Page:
Smart Girls Who Do Stupid Things


Tommy Lee Jones Is Back

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And not in Men in Black 500. It looks like in this movie, he and Meryl make Steve Carell look young and lovely by comparison.

I’m thoroughly pleased that Meryl seems hellbent on popularizing a new sub-genre of Romantic Comedy called something like “old people rediscovering their sexual selves in well-lit scenes and laughing about it.”

She’s Also Finding Out What They Don’t Have In Common

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Like bananas. They’re just “enjoying each other“, guys. They’re not, however, enjoying how they have differing opinions about bananas.

This Is That Dude Then

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Sports Night, 1999.

This is him now:

Scandal, 2012.

Bro has gotten old. I guess that’s what happens.

*In all seriously, Joshua Malina, I love your work. And your face, any way you eye bag it.

This Is An Email From My Alma Mater


They get the joke. I hope.

Girl, I Feel You

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“A Minnesota woman who caused a health scare aboard a Delta Airlines flight from Detroit — causing the plane to be kept on the tarmac at Midway Airport for three hours — says it was all a misunderstanding over bug bites.”

But passengers, I feel you too.

An Incomplete List Of Things Oprah Feels The Most Strongly About

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– 9/11

– Sidney Poitier

– Gratitude journals: “It just changed my consciousness about seeing the positive instead of the negative in life.”

The Color Purple: “I have never wanted anything in my life more than I wanted the role in The Color Purple. I have not wanted, and never want to be in a place, where I want anything that badly again. I felt my life could not go on if I did not get that role.”

– Groundbreaking couples therapy with Harville Hendrix: “That was life-changing for me. It changed the way I operated in all of my relationships. Absolutely. In all of my relationships. In my personal relationship with Stedman, my relationship changed.”

– Mothers Who Kill Their Children: “I don’t know anything worse than killing your own child.”

– Dr. Phil: “I’ve had several ‘Aha’ moments over the years. Memorable, big ones. A couple big ones came from Phil.”
“I think that could be one of the most important things you said.”
“Mercy, that is a good statement!”
“That’s good, Phil.”

A Daughter’s murder, a mother’s pain: “That was bing bing, lightbulb, goosebump, at the same time. It was one of the great moments.”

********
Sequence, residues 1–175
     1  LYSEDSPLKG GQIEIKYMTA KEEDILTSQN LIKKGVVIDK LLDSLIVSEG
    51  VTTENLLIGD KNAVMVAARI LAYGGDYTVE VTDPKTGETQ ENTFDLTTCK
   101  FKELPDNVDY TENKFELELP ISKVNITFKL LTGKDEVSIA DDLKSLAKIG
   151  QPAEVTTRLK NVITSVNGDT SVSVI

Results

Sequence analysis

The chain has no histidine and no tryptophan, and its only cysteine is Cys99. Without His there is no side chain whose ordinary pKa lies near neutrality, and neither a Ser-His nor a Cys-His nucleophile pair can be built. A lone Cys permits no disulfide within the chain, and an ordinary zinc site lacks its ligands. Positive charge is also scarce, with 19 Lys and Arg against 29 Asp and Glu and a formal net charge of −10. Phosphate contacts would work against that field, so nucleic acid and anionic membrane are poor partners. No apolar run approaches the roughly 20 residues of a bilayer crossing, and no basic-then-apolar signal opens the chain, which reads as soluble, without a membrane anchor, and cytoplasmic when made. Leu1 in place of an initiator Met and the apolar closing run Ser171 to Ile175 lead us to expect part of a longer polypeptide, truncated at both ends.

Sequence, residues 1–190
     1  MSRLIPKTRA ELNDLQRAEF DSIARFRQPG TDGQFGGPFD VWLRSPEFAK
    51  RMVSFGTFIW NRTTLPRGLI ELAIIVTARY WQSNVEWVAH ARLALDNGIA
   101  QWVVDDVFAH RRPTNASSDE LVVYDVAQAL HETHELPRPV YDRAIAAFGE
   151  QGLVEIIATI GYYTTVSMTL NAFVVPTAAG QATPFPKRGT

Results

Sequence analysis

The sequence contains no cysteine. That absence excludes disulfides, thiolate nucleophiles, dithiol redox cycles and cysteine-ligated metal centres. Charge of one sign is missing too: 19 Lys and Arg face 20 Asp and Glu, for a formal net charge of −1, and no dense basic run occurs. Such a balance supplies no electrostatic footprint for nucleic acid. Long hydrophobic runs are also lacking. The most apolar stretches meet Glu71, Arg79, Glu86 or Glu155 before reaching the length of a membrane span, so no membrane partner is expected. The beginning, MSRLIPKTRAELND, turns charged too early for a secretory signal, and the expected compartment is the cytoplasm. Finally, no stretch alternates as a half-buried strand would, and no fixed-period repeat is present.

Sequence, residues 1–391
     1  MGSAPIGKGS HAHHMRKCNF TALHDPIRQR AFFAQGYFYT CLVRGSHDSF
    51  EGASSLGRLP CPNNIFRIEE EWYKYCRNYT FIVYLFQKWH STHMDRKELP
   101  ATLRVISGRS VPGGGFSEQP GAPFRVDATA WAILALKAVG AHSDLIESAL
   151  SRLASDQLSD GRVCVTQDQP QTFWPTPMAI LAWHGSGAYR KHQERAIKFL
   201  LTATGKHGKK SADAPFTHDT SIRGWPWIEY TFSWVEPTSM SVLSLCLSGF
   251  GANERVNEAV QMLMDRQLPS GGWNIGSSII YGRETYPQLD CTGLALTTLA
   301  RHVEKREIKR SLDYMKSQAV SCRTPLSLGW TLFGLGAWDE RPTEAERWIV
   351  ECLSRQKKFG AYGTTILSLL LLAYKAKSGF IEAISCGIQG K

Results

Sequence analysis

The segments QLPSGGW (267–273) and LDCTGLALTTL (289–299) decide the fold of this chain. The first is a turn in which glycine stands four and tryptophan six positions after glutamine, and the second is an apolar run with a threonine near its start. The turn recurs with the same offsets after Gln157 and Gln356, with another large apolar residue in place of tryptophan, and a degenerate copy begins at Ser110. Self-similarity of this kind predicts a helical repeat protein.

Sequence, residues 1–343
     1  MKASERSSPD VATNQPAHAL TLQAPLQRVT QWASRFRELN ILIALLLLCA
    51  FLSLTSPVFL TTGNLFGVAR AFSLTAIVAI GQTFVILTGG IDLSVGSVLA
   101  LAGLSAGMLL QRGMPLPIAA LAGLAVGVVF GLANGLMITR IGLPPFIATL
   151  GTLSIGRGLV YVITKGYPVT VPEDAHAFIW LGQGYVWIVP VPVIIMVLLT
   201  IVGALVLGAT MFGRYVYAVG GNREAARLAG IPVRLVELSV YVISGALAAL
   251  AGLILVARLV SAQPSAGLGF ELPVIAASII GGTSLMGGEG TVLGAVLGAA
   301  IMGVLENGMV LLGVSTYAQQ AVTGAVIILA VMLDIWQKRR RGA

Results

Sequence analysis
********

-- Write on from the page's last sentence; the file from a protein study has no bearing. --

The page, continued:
Maya Angelou: “Maya has been one of my greatest personal teachers….Reading [her] as a teenage girl validated my own story….She became an instant role model for me.”

– Life lessons: “I think the best lesson I ever learned; when people ask me, what is the thing you’ve learned the most out of life, is a lesson — you know which one it is? You’re not in it.

“The number one defining lesson from 21 years of interviewing people for me has been to understand that every single person…is looking to see, did you hear me? Do you see me? Do you really see me? Does what I’m saying matter to you? And that is the common denominator of the human experience. That is the great lesson I’ve learned in all these years. Every person matters.”

Source: Disks 2-6 of The Oprah Winfrey Show 20th Anniversary Collection

How Magic Is Magic Mike? Not Magic Enough To Not Have Dreams

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I learned a lot watching the trailer for this movie, which leads me to believe that the full-lenth film will be even more informative.

For instance, you can make a whole lot of money as a male stripper, and that comes with screaming female fans to boot.

But that male stripper probably really just wants to build furniture and work with his hands, as the skills of his body are not enough.

The best choice of song to explain the journey of your stripper is Rihanna’s “We Found Love.”

And finally, Channing Tatum has found the movie that best displays his skills. I thought it was She’s the Man or Step Up. I was wrong.

A Movie That Will Not Give You Fever Dreams (ie Not A Film By Tyler Perry)

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The Rebound has kind of a Jennifer Westfeldt-quality to it, which makes sense, as it’s directed by Bart Freundlich (Julianne Moore’s husband) and both films do have some relatively clever moments. I think the reason The Rebound really reminded me Westfeldt was because of its similarities to her movie Ira & Abby, which is also conveniently on Netflix Instant. In that movie, Ira also has these very neurotic Jewish New York parents.

Below, a few choice interactions from The Rebound between Justin Bartha’s character Aram Finklestein and his neurotic Jewish New York parents.

Mom: I spoke to your cousin Ruth, and she arranged a job interview at the women’s center where she used to work.

Dad: You’ll finally put that Ladies Studies major of yours to good use.
Aram: It was a minor dad. And it’s called Sociology.
Mom: This is not how you contribute to the world.
Aram: Mom, you work for Ralph Lauren.
Mom: People need clothes.
And a few bonus scenes from Catherine Zeta-Jones’ character:

Daphne: You actually have feelings for this kid?
Sandy: Feelings? I have feelings for everyone, that’s the way the world works.
Sandy: I’m pregnant.
Aram: I…pull out most of the time.

Watch it. Except I just ruined a few plot twists. But it’s better than having to deal with fever dreams induced by half a viewing of Tyler Perry’s Why Did I Get Married Too?